Category: Careers (AB8)
Originally Submitted on 9/12/96.
Job interviews in many organizations are getting sophisticated these days. Psychological tests, role plays, and challenges to one’s “quick intelligence” and street smarts are often part of the package. While it’s impossible to anticipate everything you may encounter, here are ten tips that will help you negotiate the interview process successfully.
1. Prepare and over-prepare.
It is assumed that you don’t go in with egg on your tie, spinach in your teeth, or without a thorough knowledge of the organization and position for which you are interviewing. Beyond that, there’s an important principle that will enable you to be much more confident. It’s called, “over-preparing.” It goes like this: Plan your strategy–your answers to all the possible questions you may be asked or the challenges that may be thrown at you–and then practice, practice, practice. Role play and repeat your best responses until they are entirely natural, until they simply roll off your tongue with the apparent spontaneity that comes only with successive repetition.
2. Be particularly clear on what you know and what you want to achieve.
If your interview is resume-based (you’ve had to supply a resume either before or concurrently), have the facts of your stated objective, relevant experience, education, etc. thoroughly memorized and mentally supported. As to your job objective, be clear on what you want, as well as what you don’t want. There’s little room in the job market for the applicant who’s willing to take anything; he or she will usually get nothing!
3. Make sure your responses match your claims.
If, for example, you’ve taken extra coursework to qualify for a particular position, license, or certification, tie it into your narrative, e.g., “When I took my coursework for my CPA, I learned that …” Build on your resume, but don’t refer directly to it (assuming the interviewer has it in his or her possession); make sure the connections are there, but do it subtly.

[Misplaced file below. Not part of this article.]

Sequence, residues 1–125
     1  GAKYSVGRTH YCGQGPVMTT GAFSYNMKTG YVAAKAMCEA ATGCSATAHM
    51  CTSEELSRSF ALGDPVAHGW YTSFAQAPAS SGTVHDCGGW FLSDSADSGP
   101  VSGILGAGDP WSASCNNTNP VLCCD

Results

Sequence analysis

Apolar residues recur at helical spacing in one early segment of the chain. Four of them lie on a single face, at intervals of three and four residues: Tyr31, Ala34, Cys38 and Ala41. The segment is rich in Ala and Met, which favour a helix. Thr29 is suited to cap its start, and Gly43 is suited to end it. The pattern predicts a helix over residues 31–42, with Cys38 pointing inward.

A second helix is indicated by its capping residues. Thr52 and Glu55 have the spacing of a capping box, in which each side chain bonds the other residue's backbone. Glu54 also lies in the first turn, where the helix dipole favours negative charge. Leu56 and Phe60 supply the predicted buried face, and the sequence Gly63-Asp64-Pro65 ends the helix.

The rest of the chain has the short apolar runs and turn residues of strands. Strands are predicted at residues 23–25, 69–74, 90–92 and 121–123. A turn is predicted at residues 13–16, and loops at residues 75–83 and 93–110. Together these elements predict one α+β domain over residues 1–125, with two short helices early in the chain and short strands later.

4. Be clear about your strengths.
You’re almost certain to be hit with questions pertaining to your strengths and weaknesses. Know your strengths and emphasize those that relate specifically to the position for which you’re being considered. If, for example, you’re applying for a sales position, you might describe one of your strengths (if it’s true) as follows: “I’ve made a study of personality types and I’ve learned to quickly type people in terms of the kinds of approaches that might best attract them.” Be prepared, in this case, to back up your claim if the interviewer suddenly asks: “What type would you say I am?”
5. Describe your weaknesses as strengths.
This is tricky, so let’s think about why the question is asked. The interviewer probably wants to learn several things about you with this question, such as: whether or not you are arrogant (“I really don’t think I have any weaknesses”), whether you know yourself (“Well, I’ve never really thought about that”), and finally, what you are doing to eliminate your weaknesses. Here are two ways to answer this question so that you leave a positive impression in the mind of the interviewer: (a) Show that, in overcoming a weakness, you’ve learned. If, for example, there’s a period in your chronology that just doesn’t fit (say that you took a job selling cars between jobs as an accountant … it happens!), you might tell the interviewer: “One weakness, which it took me some time to overcome, wasthat I really wasn’t sure that I wanted to be an accountant. For example, in 1988-90, I worked as a car salesman. I did so because I couldn’t decide if I wanted to make accounting my career. That experience taught me that I really didn’t want to sell products, and that I was much more challenged by the opportunity to solve client problems. (b) Pick a weakness that is really a strength. If, for example, you’re interviewing for a job in an organization you know is hard-charging and unforgiving of average performance, you might say, “One of my weaknesses is that I tend to be impatient with people who aren’t willing to pull their full weight and give 110%.” In this case, your “weakness” may help you get the job.